Desensitization tips for your child: non-invasive ventilation
Your child may have recently attended a respiratory clinic and have seen a respiratory doctor who has recommended your child have non-invasive ventilation (NIV) overnight. We are aware that for all children, getting used to wearing a ventilator and a mask overnight can sometimes be difficult. The aim of this resource is to offer some suggestions which may be helpful in getting your child used to the new equipment and making the process as stress-free as possible.
Mask establishment (daytime)
Although the ventilation therapy is for night time use, it can often be beneficial to get used to the mask and the ventilator in the daytime first.
The advantages of daytime use are that both you and your child are fully awake and have higher tolerance levels. It is also less frightening for your child and less stressful for you to slowly introduce the mask and the ventilator in a calm setting that does not alter or affect a night time routine. Being able to wear the mask during the day while awake means that your child will be more likely to wear it at bedtime.
How to introduce a ventilator mask
- Find a quiet space away from too many distractions, and if possible practice the mask establishment at the same time each day.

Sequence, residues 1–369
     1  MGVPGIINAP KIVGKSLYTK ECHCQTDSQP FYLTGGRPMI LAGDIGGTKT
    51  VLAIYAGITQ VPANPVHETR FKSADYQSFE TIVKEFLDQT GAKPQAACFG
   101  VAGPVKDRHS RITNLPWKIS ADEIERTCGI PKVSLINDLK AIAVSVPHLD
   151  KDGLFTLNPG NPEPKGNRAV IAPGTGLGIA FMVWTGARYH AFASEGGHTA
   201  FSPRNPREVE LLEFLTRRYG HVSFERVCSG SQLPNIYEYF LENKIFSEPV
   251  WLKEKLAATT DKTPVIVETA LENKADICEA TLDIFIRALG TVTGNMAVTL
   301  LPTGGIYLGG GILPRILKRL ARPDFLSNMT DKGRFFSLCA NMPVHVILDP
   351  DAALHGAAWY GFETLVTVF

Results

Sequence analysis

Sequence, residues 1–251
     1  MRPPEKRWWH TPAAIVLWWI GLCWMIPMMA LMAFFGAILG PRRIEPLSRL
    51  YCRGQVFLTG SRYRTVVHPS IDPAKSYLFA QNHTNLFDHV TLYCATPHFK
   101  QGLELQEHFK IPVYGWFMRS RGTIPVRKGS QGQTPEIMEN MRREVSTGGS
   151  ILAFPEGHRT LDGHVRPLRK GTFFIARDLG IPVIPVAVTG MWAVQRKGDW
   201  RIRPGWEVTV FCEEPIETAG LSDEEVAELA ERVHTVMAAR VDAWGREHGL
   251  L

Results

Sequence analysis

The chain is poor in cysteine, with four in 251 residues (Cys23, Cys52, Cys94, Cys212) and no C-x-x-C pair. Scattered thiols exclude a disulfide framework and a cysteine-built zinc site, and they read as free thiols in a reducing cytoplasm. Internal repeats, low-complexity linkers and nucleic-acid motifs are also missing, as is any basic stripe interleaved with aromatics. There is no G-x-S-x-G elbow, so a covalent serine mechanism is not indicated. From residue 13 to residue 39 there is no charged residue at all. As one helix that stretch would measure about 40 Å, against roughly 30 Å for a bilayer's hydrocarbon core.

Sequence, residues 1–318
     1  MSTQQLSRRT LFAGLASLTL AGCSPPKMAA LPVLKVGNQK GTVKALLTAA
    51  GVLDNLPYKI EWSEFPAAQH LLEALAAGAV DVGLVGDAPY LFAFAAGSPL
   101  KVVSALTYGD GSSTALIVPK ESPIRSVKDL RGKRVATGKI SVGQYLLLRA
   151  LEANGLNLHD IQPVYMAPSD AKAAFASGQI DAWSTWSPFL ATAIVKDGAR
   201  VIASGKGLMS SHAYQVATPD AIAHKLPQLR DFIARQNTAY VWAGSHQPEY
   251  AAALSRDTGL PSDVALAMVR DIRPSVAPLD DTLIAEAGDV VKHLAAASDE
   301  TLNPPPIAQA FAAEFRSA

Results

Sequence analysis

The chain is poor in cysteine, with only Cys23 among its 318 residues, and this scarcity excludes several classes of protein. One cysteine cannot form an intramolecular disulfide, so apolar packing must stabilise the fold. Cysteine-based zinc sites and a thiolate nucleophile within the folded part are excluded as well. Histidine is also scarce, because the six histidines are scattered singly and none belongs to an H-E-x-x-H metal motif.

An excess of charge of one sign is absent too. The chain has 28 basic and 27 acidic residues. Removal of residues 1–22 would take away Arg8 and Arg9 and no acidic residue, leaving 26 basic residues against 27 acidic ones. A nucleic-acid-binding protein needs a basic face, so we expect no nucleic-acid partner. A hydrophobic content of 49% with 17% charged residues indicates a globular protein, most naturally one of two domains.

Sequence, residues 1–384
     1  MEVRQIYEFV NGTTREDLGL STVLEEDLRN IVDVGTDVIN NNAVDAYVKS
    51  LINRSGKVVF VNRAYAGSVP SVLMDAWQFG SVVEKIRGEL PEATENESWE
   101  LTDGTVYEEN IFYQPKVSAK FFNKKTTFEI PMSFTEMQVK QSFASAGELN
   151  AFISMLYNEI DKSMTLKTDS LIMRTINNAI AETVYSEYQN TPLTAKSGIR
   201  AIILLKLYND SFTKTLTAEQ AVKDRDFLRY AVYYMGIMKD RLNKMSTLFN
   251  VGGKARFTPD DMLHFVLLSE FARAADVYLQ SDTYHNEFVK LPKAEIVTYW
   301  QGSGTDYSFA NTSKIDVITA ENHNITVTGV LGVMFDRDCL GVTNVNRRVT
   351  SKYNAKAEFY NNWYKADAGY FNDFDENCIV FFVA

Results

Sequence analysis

- Agree a maximum duration of time per day with your child (a 30 minute block is a recommended duration).
- At first, hold the mask on your child’s face for 1 minute. Then encourage your child to hold the mask themselves if they wish to. Repeat this process as often as you can in the 30 minute block, but do not exceed a minute at a time to begin with.
- Try to slowly build up the amount of time your child is comfortable wearing the mask. It may be beneficial to use distractions such as watching TV or playing games to increase mask time. The aim would be for your child to eventually wear the mask for a 30 minute undisturbed block.
- Once your child is comfortable wearing the mask for 30 minutes, the next step is to connect the NIV (non-invasive ventilation) machine to the mask and try some air through the mask.
Ventilation introduction (daytime)
- Let your child get used to the noise that the ventilator makes. Turn the machine on and leave it running in the background whist doing other things.
- With the tubing connected and the machine turned on, let your child play with the airflow. Your child might speak into the airflow, pretend the air flow is a hair dryer or blow air into their face.
- Repeat the steps 1 to 4 as listed above, but with the ventilator on and air blowing through the mask. Do this until your child can tolerate it for at least 5 minutes.
- If your child is young enough to still have a daytime nap, consider using the machine and the mask when they fall asleep in the daytime. This will get them used to the feel of the ventilation for a shorter duration and help prepare them for overnight ventilation.
Ventilation introduction (night time)
It is important that your child recognises that they will be using the machine overnight so it is beneficial to make it part of the bedtime routine.
Make sure that the ventilator is kept visible in the bedroom when not in use. This will let your child get used to seeing it in that environment and become familiar with it.